Women have the same right as men to be able to access these things after work, but if women are doing sort of double job, in terms of working all day and coming home and working four hours on their own, it’s really an infringement of their rights, but probably more importantly, it’s really a huge opportunity cost for economic growth and human development.

You May Like

How to Safeguard Your Mobile Privacy

As the digital world becomes more mobile, so too do concerns about eroding privacy and increased hacking More

'Desert Dancer' Chronicles Iranian Underground Dance Troupe

Film by Richard Raymond is based on true story of Afshin Ghaffarian and his friends More

Obesity Poses Complex Problem

Professor warns of obesity’s worldwide health impact More

Featured Videos

Your JavaScript is turned off or you have an old version of Adobe's Flash Player. Get the latest Flash player.
Rolling Thunder Run Reveals Changed Attitudes Towards Vietnam Wari
X
Katherine Gypson
May 25, 2015 1:32 AM
For many US war veterans, the Memorial Day holiday is an opportunity to look back at a divisive conflict in the nation’s history and to remember those who did not make it home.
Video

Video Rolling Thunder Run Reveals Changed Attitudes Towards Vietnam War

For many US war veterans, the Memorial Day holiday is an opportunity to look back at a divisive conflict in the nation’s history and to remember those who did not make it home.
Video

Video Female American Soldiers: Healing Through Filmmaking

According to the United States Defense Department, there are more than 200-thousand women serving in the U.S. Armed Forces.  Like their male counterparts, females have experiences that can be very traumatic.  VOA's Bernard Shusman tells us about a program that is helping some American women in the military heal through filmmaking.
Video

Video Iowa Family's Sacrifice Shaped US Military Service for Generations

Few places in America have experienced war like Waterloo. This small town in the Midwest state of Iowa became famous during World War II not for what it accomplished, but what it lost. As VOA’s Kane Farabaugh reports, the legacy of one family’s sacrifice is still a reminder today of the real cost of war for all families on the homefront.
Video

Video On Film: How Dance Defies Iran's Political Oppression

'Desert Dancer' by filmmaker Richard Raymond is based on the true story of a group of young Iranians, who form an underground dance troupe in the Islamic Republic of Iran. This is the latest in a genre of films that focus on dance as a form of freedom of expression against political oppression and social injustice. VOA’s Penelope Poulou has more.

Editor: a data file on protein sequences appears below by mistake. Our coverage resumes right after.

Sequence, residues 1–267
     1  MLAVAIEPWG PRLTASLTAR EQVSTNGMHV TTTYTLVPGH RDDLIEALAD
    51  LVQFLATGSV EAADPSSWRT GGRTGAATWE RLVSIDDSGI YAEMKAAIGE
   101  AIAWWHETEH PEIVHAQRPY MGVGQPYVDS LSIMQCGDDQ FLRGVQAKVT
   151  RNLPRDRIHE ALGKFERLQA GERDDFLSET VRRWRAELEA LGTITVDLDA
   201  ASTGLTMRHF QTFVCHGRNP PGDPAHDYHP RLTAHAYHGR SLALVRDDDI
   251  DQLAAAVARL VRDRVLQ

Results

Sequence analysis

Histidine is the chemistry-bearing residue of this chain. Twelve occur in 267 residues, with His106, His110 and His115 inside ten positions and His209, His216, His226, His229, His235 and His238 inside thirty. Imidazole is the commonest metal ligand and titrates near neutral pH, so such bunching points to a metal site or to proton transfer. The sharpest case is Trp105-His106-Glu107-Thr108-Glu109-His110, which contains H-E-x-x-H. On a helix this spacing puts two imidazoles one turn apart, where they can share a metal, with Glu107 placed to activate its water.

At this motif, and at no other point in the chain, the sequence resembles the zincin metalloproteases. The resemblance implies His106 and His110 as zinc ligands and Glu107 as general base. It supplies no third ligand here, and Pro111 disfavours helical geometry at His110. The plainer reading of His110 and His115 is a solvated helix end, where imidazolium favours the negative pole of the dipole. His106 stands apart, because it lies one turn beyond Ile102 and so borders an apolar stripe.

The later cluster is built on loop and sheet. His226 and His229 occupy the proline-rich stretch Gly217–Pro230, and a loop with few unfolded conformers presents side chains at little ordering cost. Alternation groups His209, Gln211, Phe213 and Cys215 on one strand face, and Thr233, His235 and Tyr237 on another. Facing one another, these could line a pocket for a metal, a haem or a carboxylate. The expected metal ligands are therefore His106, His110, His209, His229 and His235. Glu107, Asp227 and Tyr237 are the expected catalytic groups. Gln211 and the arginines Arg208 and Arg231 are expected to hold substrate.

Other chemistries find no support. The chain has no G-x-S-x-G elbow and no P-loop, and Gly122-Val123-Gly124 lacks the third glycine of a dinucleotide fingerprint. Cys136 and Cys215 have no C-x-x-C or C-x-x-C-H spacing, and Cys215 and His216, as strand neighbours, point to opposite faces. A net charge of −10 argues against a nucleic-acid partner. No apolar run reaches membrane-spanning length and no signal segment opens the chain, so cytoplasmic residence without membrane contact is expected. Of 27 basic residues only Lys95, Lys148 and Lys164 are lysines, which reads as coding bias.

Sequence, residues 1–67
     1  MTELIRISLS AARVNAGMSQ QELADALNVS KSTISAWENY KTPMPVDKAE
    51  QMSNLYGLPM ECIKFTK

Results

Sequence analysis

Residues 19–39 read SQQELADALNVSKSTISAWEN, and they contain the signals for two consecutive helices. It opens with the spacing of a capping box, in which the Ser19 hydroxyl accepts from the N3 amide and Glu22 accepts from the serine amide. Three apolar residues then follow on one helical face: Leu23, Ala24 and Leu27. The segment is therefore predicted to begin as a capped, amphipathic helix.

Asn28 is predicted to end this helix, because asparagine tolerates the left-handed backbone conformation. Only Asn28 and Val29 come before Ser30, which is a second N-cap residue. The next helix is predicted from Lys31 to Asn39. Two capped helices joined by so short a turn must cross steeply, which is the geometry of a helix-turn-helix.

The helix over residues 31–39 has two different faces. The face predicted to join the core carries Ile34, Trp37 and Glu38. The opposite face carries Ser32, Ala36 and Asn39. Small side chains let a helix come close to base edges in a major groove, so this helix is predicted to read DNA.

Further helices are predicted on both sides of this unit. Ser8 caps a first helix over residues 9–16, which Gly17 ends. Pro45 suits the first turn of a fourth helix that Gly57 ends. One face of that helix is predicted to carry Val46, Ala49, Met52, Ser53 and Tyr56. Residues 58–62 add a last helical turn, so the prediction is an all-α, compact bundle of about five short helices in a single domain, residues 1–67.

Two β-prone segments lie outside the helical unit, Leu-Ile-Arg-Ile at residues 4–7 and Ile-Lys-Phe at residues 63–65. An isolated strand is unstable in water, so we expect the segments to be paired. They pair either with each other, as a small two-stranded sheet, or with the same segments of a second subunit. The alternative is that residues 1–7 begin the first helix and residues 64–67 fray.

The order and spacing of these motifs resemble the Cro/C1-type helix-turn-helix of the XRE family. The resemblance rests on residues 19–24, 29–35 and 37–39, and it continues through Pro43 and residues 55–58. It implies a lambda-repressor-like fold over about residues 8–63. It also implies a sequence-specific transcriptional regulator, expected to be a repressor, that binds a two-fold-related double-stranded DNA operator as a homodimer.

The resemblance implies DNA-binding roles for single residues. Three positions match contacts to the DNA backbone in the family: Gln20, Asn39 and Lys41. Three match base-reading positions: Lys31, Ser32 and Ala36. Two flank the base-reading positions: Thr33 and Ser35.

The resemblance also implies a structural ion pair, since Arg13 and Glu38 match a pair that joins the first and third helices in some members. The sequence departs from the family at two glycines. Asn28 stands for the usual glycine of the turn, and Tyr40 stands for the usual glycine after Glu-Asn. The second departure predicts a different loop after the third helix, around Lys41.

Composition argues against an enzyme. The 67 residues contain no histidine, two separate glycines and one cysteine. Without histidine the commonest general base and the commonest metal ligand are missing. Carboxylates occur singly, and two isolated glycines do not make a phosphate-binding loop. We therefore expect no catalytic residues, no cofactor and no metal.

Video

Video Turkey's Ruling Party Trying to Lure Voters in Opposition Stronghold

Turkey’s AK (Justice and Development) Party is seeking a fourth successive general election victory, with the goal of securing two-thirds of the seats in Parliament to rewrite the constitution and change the country's parliamentary system into a presidential one. To achieve that, the party will need to win seats in opposition strongholds like the western city of Izmir. Dorian Jones reports.
Video

Video Millions Flock to Ethiopia Polls

Millions of Ethiopians cast their votes Sunday in the first national election since the 2012 death of longtime leader Meles Zenawi. Mr. Meles' party, the Ethiopian People's Revolutionary Democratic Front, is almost certain of victory again. VOA's Anita Powell reports from Addis Ababa.
Video

Video Scientists Testing Space Propulsion by Light

Can the sun - the heart of our solar system - power a spacecraft to the edge of our solar system? The answer may come from a just-launched small satellite designed to test the efficiency of solar sail propulsion. Once deployed, its large sail will catch the so-called solar wind and slowly reach what scientists hope to be substantial speed. VOA’s George Putic reports.
Video

Video FIFA Trains Somali Referees

As stability returns to the once lawless nation of Somalia, the world football governing body, FIFA, is helping to rebuild the country’s sport sector by training referees as well as its young footballers. Abdulaziz Billow has more from Mogadishu.
Video

Video With US Child Obesity Rates on the Rise, Program Promotes Health Eating

In its fifth year, FoodCorps puts more than 180 young Americans into 500 schools across the United States, where they focus on teaching students about nutrition, engaging them with hands-on activities, and improving their access to healthy foods whether in the cafeteria or the greater community. Aru Pande has more.
Video

Video Virginia Neighborhood Draws People to Nostalgic Main Street

In the U.S., people used to grow up in small towns with a main street lined by family-owned shops and restaurants. Today, however, many main streets are worn down and empty because shoppers have been lured away by shopping malls. But in the Del Ray neighborhood of Alexandria, Virginia, main street is thriving. VOA’s Deborah Block reports it has a nostalgic feel with its small restaurants and unique stores.

VOA Blogs